Although there have been many recent papers on “real-time” global illumination, this technique is the only one so far that is at all feasible for current-generation consoles.  Crytek’s new CryEngine 3 has implementations of it on XBox 360 and Playstation 3, and the technique will presumably be used in the upcoming Crysis 2 game as well.

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Game Engine Gems

A little under a year ago, we mentioned the call for papers for a new “gems” book: Game Engine Gems, edited by Eric Lengyel.  It’s available for pre-order on Amazon, not surprising since it’s due to be launched at GDC, just two weeks from now.  The table of contents is available on the book website, and looks promising.  Although the book contains some rendering chapters, its focus is broader, similar to the successful Game Programming Gems series to which it is likely to be a worthy competitor.  I’ve added it to our upcoming books list.

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I asked Daniel Scherzer about my post about his book. He said it’s about right (and the long subtitle is indeed a Verlag decision).

The cool thing that turned up: their upcoming STAR survey on hard shadows will be more theoretical and detailed than his thesis’ survey. It will be similar to the hard shadow section in the SIGGRAPH Asia 2009 course Casting Shadows in Real Time (which has a solid 90 pages on direct illumination shadow algorithms, plus more on related methods).

I’ve updated the original post with this information, but wanted to make a separate post so that people wouldn’t miss this valuable overview on shadows and ambient occlusion (just a tiny bit on the latter).

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GPU Pro (the rebranded ShaderX series) will be published soon. Wolfgang Engel, the editor in chief of the series, has now put out a call for participation for GPU Pro 2read about it here. Proposal deadline is May 17th.

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Amazon sent an auto-recommended of this book to me. Unlike last time, which was humorous but unrelated, I actually appreciate this one: “Temporal Coherence in Real-Time Rendering: Practical Approaches for Capitalizing on Temporal Coherence in the Domain of Real-Time Rendering,” by Daniel Scherzer.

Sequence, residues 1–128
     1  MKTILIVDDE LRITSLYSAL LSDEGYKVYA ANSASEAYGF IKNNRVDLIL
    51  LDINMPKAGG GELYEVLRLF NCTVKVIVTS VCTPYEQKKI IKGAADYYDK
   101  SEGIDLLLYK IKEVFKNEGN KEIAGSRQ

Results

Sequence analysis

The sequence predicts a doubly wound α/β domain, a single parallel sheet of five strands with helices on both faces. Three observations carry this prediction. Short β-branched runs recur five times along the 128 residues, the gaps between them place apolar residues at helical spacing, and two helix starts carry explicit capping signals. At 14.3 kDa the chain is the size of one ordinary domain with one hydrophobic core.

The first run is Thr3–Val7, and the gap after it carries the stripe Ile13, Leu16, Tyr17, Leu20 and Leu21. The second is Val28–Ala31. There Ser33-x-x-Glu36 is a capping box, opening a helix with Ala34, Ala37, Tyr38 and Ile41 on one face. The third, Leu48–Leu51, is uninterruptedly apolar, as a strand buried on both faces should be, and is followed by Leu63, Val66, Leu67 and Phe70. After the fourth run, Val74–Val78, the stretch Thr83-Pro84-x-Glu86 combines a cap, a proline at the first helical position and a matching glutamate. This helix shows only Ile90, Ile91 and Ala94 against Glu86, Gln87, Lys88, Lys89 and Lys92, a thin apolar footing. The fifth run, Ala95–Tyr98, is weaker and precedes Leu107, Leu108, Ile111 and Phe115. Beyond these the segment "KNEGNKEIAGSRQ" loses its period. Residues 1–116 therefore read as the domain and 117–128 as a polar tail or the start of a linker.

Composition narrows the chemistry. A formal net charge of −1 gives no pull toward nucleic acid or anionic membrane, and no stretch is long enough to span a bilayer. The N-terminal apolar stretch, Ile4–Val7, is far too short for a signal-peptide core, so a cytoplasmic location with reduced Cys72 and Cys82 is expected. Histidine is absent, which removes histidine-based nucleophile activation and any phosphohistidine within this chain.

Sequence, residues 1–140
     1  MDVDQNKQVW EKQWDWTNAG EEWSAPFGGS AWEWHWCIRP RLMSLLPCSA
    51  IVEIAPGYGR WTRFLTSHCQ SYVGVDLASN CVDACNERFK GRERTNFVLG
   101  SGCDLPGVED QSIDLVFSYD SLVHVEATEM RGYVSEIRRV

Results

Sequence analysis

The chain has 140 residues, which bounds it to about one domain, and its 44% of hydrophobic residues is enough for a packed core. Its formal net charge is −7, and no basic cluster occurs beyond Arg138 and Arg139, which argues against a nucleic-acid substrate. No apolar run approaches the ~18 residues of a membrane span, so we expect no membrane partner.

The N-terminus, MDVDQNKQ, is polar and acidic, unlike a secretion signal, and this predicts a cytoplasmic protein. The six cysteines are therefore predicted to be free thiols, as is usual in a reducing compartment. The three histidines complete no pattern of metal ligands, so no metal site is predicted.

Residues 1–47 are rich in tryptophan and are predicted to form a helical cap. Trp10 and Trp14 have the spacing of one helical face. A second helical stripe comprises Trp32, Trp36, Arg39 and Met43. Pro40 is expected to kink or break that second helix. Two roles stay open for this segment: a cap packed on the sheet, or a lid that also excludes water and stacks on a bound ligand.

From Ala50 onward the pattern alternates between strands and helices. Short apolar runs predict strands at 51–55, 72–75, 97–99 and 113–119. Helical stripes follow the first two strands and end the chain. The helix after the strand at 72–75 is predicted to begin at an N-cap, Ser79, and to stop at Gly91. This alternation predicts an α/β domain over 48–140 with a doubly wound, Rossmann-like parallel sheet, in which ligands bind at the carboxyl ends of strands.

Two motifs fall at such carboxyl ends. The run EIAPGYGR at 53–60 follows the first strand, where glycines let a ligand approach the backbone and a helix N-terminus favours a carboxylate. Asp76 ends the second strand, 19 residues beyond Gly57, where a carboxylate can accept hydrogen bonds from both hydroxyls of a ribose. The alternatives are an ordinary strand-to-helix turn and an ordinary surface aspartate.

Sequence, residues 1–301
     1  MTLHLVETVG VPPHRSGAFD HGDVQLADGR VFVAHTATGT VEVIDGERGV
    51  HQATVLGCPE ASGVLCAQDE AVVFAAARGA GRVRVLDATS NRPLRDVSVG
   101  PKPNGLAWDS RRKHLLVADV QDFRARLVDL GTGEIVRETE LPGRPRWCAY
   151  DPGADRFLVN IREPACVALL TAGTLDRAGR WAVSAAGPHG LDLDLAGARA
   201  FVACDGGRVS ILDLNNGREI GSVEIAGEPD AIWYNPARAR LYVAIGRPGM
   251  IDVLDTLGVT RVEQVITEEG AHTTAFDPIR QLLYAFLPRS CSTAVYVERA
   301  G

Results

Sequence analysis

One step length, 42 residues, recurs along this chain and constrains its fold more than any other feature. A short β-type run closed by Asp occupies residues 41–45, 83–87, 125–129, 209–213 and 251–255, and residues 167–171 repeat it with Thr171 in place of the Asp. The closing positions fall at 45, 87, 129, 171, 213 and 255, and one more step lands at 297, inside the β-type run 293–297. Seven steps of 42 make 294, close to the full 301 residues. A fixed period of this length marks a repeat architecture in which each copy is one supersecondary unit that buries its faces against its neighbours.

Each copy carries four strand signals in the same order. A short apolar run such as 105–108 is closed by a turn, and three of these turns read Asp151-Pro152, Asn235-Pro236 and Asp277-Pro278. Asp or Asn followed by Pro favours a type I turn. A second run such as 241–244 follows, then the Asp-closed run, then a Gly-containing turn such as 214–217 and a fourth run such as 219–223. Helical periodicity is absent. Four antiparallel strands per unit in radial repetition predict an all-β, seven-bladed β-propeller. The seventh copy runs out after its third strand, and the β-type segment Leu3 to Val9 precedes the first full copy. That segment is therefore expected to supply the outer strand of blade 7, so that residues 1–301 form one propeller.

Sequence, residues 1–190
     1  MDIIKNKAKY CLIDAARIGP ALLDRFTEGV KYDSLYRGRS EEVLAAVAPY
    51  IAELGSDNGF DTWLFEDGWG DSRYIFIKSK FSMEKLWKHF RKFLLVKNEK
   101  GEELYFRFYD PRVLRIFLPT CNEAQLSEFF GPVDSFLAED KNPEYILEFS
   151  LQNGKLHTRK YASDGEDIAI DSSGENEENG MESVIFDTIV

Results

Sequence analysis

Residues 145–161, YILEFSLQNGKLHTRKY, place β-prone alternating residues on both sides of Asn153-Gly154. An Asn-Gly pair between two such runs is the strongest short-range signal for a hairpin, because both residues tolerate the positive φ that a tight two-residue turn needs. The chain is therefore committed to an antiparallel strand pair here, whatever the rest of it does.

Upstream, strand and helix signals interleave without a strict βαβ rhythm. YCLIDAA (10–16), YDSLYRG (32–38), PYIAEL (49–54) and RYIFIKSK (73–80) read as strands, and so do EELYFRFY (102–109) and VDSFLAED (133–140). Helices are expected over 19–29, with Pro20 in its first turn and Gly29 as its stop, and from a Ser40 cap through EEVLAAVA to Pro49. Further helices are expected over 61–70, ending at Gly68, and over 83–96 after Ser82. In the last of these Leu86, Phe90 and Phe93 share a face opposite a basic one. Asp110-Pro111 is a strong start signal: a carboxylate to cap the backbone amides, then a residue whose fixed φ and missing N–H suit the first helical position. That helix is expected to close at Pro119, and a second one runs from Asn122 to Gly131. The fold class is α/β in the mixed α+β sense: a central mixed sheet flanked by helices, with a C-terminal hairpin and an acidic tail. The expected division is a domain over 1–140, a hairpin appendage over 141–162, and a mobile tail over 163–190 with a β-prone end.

At $81 for a 132 page book, I suspected it was a thesis reprint. Indeed it is: you can download the thesis from here. The thesis is 130 pages long, so my guess is the book form adds nothing (and subtracts $81).

So, you can download it for free now, but should you read it? Well, it is a thesis, which means it collects various papers and presents each in turn. This thesis focuses on using temporal coherence, i.e. use previous frames’ computations in various ways. It includes Daniel’s hard shadow (history buffer), soft shadow, and discrete LOD blending work, as listed here. Since it’s a thesis, the author can stretch out a bit more and cover various areas in depth. The focus is on improving image quality: hard shadows are higher resolution, soft shadows look smoother. There are limitations to his approaches, e.g., the lights are fixed in place, and objects generally should be static.

As with most theses, it also includes an extensive “previous work” section at the beginning. There is a 23 page overview of a number of shadow techniques and LOD work, explaining strengths and weaknesses. From my skim, this looks quite good; not quite all-encompassing (which is good: there are way too many shadow papers), but hitting most of the major areas of research. Let’s put it this way: if and when we write a fourth edition, I’ll certainly carefully read his categorization of various problems and think about how to integrate it into our section on shadows. His is the best recent overview of the subject that I’ve seen. He’s also the coauthor of an upcoming survey on hard shadows, not yet available for download but which I suspect is similar to his thesis’ overview.